Too Much of a Good Thing: The Net Worth Balancing Act

Too Much of a Good Thing: The Net Worth Balancing Act

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In previous financial literacy articles I have written, I have given a brief overview of net worth, also called capital worth (though they are calculated slightly differently).

In layman’s terms, a credit union’s net worth ratio is a key indicator of how much capital it has at its disposal to deal with unexpected losses or to use for future growth. This means that having too little capital, resulting in a low net worth, could spell trouble for the credit union. For this reason, the NCUA closely monitors credit unions’ net worth, making up the ‘C’ in the CAMELS rating system.

If being under-capitalized is a bad thing, is it possible to be too well capitalized?

A brief recap of the net worth ratio

Before we address the question of whether it’s possible to have too high a net worth ratio, let’s get a more in depth reminder of what net worth is.

Net worth is calculated by taking the total assets of the credit union (e.g. cash, investments, loans, property) and subtracting the total liabilities (e.g. deposits, borrowed funds, debts, etc.) from that amount. To then get the net worth ratio, the resulting net worth is divided by the total assets.

Going by the NCUA’s standards, a net worth ratio of 7% or higher is considered “well capitalized” and 6% is considered “adequately capitalized.” Dipping below that and the credit union will be classified as “undercapitalized,” “significantly undercapitalized,” and “critically undercapitalized.”

Most credit unions will not risk the attention of the NCUA by trying to straddle that 7% net worth ratio requirement though, instead choosing to build in a buffer. And with the recently implemented risk-based capital (RBC) ratio requirements (which raise the capital requirements for riskier investments), credit unions have an additional measure to monitor, though this is reserved for “complex” credit unions.

As of December 2022, NCUA reports a system-wide net worth ratio of 10.74%, up from 10.26% one year prior. On top of that, 291 complex federally insured credit unions (those with total assets over $500M) reported under the RBC framework to the tune of 15.15%, well over the 10% requirement.

This means that as a whole, the system has built in a healthy buffer in its capital requirements.

Can you have too much of a good thing?

When we consider what the point of net worth is, to safeguard the credit union from risk, we then have to ask if it is possible to be too safe.

What does a higher net worth provide the credit union? For one, it’s a buffer against unexpected losses in times of economic stress. On top of that, it is a free source of funds. I.e. if you want to make new loans, but your credit union is already severely loaned out, you have to look to outside sources of liquidity to fund those loans, which adds to your costs/liabilities. If, however, you have a high net worth, it probably means you have the funds available to loan out without additional costs.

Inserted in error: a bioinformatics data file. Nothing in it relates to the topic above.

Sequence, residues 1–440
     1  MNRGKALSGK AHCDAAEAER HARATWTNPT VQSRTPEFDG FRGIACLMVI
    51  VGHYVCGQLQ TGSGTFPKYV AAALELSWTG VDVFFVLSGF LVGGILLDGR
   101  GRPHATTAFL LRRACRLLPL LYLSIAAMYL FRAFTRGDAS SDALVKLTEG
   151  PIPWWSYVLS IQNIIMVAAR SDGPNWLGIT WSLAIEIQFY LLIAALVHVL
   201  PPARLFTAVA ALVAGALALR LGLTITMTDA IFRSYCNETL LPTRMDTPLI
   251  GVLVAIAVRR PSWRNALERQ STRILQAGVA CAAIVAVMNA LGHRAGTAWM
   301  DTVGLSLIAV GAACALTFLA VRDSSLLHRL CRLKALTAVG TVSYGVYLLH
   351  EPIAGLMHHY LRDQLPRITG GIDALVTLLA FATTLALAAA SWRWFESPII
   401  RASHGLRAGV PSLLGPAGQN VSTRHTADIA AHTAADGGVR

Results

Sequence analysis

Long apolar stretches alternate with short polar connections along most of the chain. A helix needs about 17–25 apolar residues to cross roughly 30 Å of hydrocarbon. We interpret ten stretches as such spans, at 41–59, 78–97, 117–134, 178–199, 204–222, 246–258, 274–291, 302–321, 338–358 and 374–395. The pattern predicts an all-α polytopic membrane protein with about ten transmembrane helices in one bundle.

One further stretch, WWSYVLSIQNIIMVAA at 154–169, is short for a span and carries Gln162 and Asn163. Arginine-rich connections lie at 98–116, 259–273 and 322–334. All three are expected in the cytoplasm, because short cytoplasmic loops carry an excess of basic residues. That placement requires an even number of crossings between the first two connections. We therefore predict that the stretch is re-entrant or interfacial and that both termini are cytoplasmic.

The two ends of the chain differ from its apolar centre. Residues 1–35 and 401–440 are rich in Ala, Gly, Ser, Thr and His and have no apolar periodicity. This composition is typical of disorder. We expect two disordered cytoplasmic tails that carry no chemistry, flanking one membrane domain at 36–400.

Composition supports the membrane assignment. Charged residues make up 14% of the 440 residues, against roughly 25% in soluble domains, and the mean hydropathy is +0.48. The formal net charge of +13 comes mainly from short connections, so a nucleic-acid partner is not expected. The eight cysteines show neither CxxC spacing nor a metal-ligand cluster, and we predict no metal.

But a really high net worth ratio can be a sign of something else: your credit union is not reinvesting its capital into ways to help your institution grow.

Long-time credit union CFO and current consultant Rich Nave urged credit unions to avoid hoarding for the sake of safety: “Net Worth is our members’ money, they own it. The purpose of Net Worth is to keep only what is necessary to protect against risks. Hoarding excess Net Worth from its owners serves no purpose when it can be strategically utilized to help ensure the institution survives and thrives.”

Nave continues by offering suggestions for how credit unions might target a net worth ratio based on their specific risks, such that if everything bad should happen all at once, the credit union would still end up above the 7% ratio required. After that, any excess equity should be put back into the credit union, whether that’s in driving loan growth, new technologies and services, or offering dividends.

Today’s rate environment and net worth

Too high a net worth ratio might suggest a credit union is not strategically reinvesting its capital to help improve its products and services. But as we have seen with the recent collapses of regional banks, a rising rate environment can create issues for financial institutions. Issues that a higher net worth ratio can help absorb.

Though credit unions can earn more income on loans as rates increase, it also increases the risk of defaults on those loans and slowed loan growth in general. In March, CNBC reported that mortgage demand had dropped to a 28-year-low, 44% less than one year prior. A month later, rates are starting to drop a little and mortgage demand is increasing.

This kind of fluctuation can be difficult to manage. A higher net worth can help ensure the credit union remains financially stable and weathers economic uncertainty.

What is your credit union doing to keep its net worth on an even keel? Are you holding more capital or looking for ways to use excess net worth to drive the success of your institution and keep from stagnating? We would love to hear from you in the comments!

Author

  • Esteban Camargo

    As a supervising editor of CUSO Magazine, Esteban reviews and edits submissions, assists in the development of the publishing calendar, and performs his own research and writing. His experience provides CUSO Mag with a seasoned writer and content curator, able to provide valuable input to contributors, correspondents, and freelance journalists. Esteban has worked at CU*Answers since 2008 and currently serves as the CUSO's content marketing manager.

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